Noodle Soup - Asian (Comfort)
Rice noodles in broth.
What could be more comforting than that?
Well, maybe rice noodles in broth with vegetables and a little meat or tofu!
And just think: a billion people agree.
Simple to make, to boot. Infinitely variable. Delicious. Great on a cold winter day. Great on a hot summer day. Great any day. How do I make it?
Easy to find. We can find them in the "Oriental Foods" section of the supermarket. or if we can't find them there, then there is sure to be an Asian food store somewhere in the vicinity. All we have to do is seek it out.
A million styles. Thick and wide. Thin. Medium. Round and soft, rather than dried. Flat and wide, and dried. And so on. A million different types, all cleverly designed to keep you interested from one day to the next.
We only need one, like these.
Beef broth. Chicken broth. Vegetable broth. They all work.
So does, part-beef-part-vegetable or part-chicken-part-vegetable or part-beef-part-chicken. And so on. They are all good, and we can vary them from occasion to occasion to keep things interesting.
Add soy sauce. Add smashed garlic. Add red pepper flakes or Cajun hot sauce -- as much of this last one as you can take. Adding kimchi is a good way also to get the hot-spicy tang which adds so much to this dish. Watch the broth steam, begging for the next ingredient to be added.
Whatever is handy.
Celery cut into thin sticks is good. Scallions, for sure. Carrots, also cut into thin strips. Broccoli. Green beans. Peas. Whatever is handy. This time we had some zucchini as well.
Mushrooms -- did I mention mushrooms? We didn't have any handy on this occasion, but mushrooms of just about any type are a wonderful addition to our broth. Actually, you can buy dried mushrooms and keep them around forever, for occasions like this -- put the in the broth and you may not be able to tell they were ever dried.
Throw all into the broth and continue to simmer. Simmer away.
This is leftover pork tenderloin. But any other leftover meat will do.
Pieces leftover after a dinner of roast chicken -- those are a particularly nice addition. So are those last couple of pieces of grilled flank steak that people were just too stuffed to eat last night.
Another useful addition is tofu, firm-kin preferably because that is almost like meat.
Slice the meat into soup-sized pieces. Toss into pot.
Continue to simmer. Simmer away.
Throw in some kimchi if you have any.
See An Introduction to Kimchi for further information.
Kimchi just goes with rice noodles, in soup, out of soup, fried (the noodles, not the kimchi), baked (baked?) -- any way you can think of cooking rice noodles.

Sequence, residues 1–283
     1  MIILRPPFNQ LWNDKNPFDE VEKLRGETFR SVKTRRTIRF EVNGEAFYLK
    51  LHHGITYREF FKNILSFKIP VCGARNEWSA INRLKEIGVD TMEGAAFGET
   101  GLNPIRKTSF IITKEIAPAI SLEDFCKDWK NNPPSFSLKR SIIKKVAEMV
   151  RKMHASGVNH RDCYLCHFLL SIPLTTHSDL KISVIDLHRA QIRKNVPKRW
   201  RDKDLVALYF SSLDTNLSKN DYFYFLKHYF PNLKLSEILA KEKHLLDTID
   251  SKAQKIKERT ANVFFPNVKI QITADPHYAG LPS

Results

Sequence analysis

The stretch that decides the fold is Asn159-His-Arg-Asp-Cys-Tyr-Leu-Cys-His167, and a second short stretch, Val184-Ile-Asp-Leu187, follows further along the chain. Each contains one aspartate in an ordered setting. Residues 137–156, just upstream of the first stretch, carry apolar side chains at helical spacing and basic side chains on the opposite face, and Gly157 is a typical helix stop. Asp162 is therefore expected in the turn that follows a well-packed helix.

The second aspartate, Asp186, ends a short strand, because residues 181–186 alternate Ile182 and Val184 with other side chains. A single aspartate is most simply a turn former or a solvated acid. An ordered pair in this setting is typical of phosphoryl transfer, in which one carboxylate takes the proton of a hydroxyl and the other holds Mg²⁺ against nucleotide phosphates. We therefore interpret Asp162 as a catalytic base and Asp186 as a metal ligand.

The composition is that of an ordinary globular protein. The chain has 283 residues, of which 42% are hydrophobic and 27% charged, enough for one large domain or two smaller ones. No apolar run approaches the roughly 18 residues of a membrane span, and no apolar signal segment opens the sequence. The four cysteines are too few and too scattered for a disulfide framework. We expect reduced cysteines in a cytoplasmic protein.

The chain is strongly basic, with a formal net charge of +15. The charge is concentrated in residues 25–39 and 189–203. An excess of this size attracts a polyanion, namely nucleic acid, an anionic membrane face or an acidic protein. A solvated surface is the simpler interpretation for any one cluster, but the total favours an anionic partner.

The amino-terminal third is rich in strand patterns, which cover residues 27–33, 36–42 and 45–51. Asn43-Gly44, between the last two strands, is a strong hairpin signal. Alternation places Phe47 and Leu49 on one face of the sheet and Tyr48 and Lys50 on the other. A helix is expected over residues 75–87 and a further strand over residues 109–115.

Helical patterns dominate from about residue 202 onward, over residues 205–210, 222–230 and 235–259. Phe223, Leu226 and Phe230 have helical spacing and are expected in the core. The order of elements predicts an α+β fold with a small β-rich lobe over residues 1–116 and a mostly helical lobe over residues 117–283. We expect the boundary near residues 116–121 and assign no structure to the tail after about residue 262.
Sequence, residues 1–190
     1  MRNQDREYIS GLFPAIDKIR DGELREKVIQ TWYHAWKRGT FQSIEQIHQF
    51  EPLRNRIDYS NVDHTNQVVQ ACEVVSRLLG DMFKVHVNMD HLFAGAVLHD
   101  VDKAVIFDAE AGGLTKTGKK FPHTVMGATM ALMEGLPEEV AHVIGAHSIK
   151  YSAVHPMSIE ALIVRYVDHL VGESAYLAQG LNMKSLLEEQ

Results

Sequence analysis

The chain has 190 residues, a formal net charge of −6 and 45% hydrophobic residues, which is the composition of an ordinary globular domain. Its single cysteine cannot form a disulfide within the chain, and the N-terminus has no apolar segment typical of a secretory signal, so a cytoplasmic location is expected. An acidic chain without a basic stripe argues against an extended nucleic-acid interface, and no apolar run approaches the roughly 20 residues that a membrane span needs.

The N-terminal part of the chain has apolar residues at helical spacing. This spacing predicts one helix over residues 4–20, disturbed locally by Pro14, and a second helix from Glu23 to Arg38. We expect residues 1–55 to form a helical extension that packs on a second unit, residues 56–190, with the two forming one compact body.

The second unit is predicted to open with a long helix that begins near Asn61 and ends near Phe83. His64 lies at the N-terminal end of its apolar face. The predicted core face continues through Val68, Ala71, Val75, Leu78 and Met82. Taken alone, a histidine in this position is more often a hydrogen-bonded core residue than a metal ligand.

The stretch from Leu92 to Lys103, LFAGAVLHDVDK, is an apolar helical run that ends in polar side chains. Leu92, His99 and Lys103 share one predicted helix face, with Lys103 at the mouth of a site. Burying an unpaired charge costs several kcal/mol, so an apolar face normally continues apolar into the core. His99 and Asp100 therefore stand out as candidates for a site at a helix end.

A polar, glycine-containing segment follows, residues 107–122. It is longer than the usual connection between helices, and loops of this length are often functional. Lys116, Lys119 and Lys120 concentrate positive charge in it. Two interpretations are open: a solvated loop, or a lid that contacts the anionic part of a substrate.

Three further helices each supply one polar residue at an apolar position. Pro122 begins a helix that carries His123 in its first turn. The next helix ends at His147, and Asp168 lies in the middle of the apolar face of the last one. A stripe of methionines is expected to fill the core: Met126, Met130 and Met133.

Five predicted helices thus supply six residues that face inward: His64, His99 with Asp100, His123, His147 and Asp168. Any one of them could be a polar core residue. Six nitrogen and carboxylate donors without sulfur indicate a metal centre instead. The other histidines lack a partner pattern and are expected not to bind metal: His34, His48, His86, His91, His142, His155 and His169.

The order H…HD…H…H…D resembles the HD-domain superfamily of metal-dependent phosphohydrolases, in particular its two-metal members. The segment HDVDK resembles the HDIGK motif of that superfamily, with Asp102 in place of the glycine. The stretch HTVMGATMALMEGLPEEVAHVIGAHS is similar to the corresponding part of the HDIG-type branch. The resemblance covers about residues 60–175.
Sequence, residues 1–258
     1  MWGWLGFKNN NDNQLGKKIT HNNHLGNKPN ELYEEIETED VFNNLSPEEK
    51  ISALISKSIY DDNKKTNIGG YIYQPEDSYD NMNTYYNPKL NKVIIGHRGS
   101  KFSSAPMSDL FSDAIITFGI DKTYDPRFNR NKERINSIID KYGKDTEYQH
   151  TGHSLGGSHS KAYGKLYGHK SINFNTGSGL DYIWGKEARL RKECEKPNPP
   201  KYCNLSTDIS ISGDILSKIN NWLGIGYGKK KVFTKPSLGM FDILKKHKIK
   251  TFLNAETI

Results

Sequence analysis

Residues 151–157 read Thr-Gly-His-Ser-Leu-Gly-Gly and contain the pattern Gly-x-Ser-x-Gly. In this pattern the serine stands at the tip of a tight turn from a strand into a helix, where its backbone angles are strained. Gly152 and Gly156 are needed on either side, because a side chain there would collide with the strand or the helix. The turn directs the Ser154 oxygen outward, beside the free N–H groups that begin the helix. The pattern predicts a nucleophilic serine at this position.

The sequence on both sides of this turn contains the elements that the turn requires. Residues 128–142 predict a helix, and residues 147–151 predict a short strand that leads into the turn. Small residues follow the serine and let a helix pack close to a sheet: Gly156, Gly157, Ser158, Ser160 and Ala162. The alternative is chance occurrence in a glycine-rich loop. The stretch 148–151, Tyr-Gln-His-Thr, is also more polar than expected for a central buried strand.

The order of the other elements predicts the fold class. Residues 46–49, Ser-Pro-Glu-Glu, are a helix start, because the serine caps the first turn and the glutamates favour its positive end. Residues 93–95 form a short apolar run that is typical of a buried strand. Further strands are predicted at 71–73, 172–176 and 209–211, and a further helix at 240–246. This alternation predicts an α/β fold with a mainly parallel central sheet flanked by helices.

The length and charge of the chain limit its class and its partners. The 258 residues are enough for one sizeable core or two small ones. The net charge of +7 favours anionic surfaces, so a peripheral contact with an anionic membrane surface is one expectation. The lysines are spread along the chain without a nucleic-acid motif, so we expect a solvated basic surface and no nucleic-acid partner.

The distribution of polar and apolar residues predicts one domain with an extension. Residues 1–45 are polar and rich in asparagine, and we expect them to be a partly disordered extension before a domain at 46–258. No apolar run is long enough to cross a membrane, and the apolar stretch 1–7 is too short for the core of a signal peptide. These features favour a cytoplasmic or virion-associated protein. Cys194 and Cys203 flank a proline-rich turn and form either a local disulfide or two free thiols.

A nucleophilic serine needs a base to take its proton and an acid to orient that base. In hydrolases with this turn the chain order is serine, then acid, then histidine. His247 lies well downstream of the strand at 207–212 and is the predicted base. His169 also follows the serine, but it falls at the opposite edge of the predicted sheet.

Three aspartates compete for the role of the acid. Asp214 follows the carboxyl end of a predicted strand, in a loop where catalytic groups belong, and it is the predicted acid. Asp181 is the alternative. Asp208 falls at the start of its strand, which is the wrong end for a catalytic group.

This was a mistake
We threw the rice noodles into the broth in order to cook them.
They don't take long, about eight minutes -- depending on the type. Less if they are not the dried noodles, but instead are the soft round ones.
But in fact, the noodles should be cooked separately and combined with the broth at the end. The problem with cooking them in the broth -- we found out -- is that they absorb too much of the broth. Also the contrast between the delicious ricey-dicey taste of the noodles and the salty flavorful broth-with-vegetables gets lost, as the noodles taste just like the broth.
Here is what this all looks like just before ladling the soup out into individual bowls and serving this delicious meal.
Of course with a noodle soup like this you need a pair of tongs as well as a ladle, in order to extract the luscious noodles and distribute them evenly among the bowls that are rapping on the table.
Big in the bowl
"Multiplicity" is perhaps the best word to keep in mind when contemplating the Rice Noodle. The humble rice noodle, which has no reason to be humble since it such a dominant force in the cuisine of such a large part of the word. "Multiplicity" has overtones of "an awful lot," and this is certainly true of rice noodles, but the true meaning of the word is "a variety of forms" -- and in that meaning rice noodles really shine. You can get them fresh (the best way), frozen, or dried -- that's a lot of variety right there -- but it is in the various shapes and thicknesses that they really display their multiplicity. I personally prefer the thicker round types to the flatter types, though not by much, and the flatter types to the thinner types, though again not by much. I, of course, try different types on different occasions, and I have them, particularly for lunch, as often as I can, especially when in China.
"Intriguing" is another word that should be used, along with "enticing." Just look at a bowl of rice noodles, and it will be difficult to control yourself, particularly when the aroma of a delicious broth arises from the bowl as well as the sight of the noodles. "Comforting" -- there's another word, as we have already noted.
Real Meal. Unlike fancy food mags, where images are hyped and food itself is secondary, all pix shown here are from a real meal, prepared and eaten by me and my friends. No throwing anything away till perfection is achieved. This is the real deal --- a Real Meal.